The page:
Regarding diagnosis, all the cases confirmed their diagnosis through culture. We found that almost one-third of the patients underwent previous surgeries before definitive diagnosis, some of them may be the result of false negatives after performing other diagnostic techniques or due to an incorrect sample taking of synovial tissue and fluid for culture. Moreover, NTM characterizes long periods of culture which can delay the definitive diagnosis.[2] [4] Stains for acid-fast bacteria alone usually do not definitively diagnose pathology. Culture of the bacteria has a high sensitivity, and it should be considered the preferred diagnostic method.[1] [13] Polymerase chain reaction and DNA hybridization tests are recommended to shorten time to diagnosis, but negative results do not exclude the infection.[13] Between the imaging studies, we recommend when possible the use of MRI as it helped acquire a better idea of the disease extension such in the presented case.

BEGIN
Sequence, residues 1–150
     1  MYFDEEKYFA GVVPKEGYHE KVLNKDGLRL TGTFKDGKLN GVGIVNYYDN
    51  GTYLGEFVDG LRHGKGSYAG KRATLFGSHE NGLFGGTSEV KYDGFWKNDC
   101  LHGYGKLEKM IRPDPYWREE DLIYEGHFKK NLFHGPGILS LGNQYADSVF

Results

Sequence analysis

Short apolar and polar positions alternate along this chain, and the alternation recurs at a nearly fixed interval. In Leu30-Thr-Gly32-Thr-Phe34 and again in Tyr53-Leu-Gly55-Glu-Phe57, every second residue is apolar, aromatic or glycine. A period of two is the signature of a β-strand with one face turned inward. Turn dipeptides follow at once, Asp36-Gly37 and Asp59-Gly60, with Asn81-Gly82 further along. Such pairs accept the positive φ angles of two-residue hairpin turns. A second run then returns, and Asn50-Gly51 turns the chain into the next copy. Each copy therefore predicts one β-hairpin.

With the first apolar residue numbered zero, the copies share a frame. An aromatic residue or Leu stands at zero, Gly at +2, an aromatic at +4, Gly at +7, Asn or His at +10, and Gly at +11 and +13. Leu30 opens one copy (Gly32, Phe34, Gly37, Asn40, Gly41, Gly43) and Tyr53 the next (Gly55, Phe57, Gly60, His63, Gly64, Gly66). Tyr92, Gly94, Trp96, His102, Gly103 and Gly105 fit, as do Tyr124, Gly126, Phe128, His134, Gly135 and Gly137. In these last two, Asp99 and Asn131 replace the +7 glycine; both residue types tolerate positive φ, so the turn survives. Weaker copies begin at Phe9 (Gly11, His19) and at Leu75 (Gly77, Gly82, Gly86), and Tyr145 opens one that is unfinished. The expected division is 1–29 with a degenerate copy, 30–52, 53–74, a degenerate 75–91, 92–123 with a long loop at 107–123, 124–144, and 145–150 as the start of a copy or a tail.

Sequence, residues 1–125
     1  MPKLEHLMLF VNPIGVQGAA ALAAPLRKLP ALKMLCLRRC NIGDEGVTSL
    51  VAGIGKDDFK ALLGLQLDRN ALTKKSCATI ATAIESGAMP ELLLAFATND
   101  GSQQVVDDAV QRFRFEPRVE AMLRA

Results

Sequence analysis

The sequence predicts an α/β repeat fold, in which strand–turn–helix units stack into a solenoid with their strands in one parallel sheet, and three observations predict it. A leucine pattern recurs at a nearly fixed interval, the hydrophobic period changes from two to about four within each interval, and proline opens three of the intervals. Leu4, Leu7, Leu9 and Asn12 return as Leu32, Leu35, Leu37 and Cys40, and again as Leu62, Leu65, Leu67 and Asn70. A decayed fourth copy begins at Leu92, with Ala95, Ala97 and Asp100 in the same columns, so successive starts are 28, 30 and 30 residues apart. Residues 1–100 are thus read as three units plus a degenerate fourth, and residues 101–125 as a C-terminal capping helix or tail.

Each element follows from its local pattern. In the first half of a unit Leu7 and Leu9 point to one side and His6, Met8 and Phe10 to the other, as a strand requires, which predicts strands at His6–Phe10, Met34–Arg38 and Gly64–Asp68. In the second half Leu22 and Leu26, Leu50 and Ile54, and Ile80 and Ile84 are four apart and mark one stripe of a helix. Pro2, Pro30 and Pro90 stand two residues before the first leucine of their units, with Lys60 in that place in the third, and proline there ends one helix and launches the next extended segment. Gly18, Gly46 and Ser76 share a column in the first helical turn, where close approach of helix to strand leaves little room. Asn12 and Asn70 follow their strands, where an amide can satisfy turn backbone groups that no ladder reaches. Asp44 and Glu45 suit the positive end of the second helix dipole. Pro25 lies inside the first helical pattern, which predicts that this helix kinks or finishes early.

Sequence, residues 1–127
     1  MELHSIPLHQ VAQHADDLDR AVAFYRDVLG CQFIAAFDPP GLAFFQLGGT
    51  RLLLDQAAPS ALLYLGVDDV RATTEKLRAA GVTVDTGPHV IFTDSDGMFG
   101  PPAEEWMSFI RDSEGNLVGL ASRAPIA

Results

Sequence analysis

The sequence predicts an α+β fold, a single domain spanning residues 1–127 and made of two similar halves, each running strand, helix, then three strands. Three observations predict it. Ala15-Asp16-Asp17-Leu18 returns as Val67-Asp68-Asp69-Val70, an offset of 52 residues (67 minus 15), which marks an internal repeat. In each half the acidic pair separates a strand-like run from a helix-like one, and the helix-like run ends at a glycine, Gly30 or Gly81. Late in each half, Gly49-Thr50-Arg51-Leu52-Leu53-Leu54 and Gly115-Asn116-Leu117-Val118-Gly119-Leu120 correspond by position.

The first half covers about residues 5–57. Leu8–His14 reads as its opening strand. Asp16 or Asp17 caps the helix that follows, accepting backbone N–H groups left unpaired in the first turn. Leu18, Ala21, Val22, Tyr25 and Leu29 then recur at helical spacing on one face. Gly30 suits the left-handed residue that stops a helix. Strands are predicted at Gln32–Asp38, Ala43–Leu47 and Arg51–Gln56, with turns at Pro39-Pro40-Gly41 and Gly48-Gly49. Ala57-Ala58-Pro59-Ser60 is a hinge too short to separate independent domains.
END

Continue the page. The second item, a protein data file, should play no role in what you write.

Interestingly, the medical and surgical treatment strategy differed between studies. There is no consensus on therapy for M. kansasii chronic tenosynovitis. All patients who underwent any type of surgical treatment were also treated with antibiotics. We found a rate of recurrence of symptoms of 50% in patients who had tenosynovectomy and 22% in patients who had surgical debridement as a definitive treatment. A promising approach is to perform a tenosynovectomy in combination with surgical debridement in these cases. However, future studies with higher sample sizes should be performed to provide stronger evidence that support a potential benefit. No recurrence was found after synovial biopsy and in patients who only were treated with antibiotics. Previously, drug therapy alone or tenosynovectomy alone was attempted, but the frequency of recurrence was high. Between the cases treated only with antibiotics, one of them[9] was followed until 3 months progressing well but a longer period of follow-up is needed to evaluate better outcomes, while the other case[12] had to undergo reconstruction of hand after a long-time treatment with antibiotics which suggests a worse hand function outcome. Therefore, after reviewing the presence of complications and number of surgical procedures, we strongly recommend a combination of surgical tenosynovectomy and antibiotic chemotherapy. The Infectious Diseases Society of America (IDSA) and American Thoracic Society (ATS) guidelines recommend a combination of rifampin, ethambutol, isoniazid, and pyridoxine for 18 months for pulmonary involvement, until cultures are negative for 12 months.[2] Although this recommendation was not established in a tenosynovitis scenario, most of the previous cases used some of these antibiotics to treat the bacteria in a chronic tenosynovitis presentation.[1] [13] Due to the lack of guidelines specifying the treatment for NTM chronic tenosynovitis, therapy is usually adapted to the patient and based on individual expert opinion to avoid recurrence. As a result, many cases have shown no recurrence with the use of the antibiotics recommended by the IDSA-ATS guidelines with long (18 months) and short (3–6 months) periods of treatment.[23]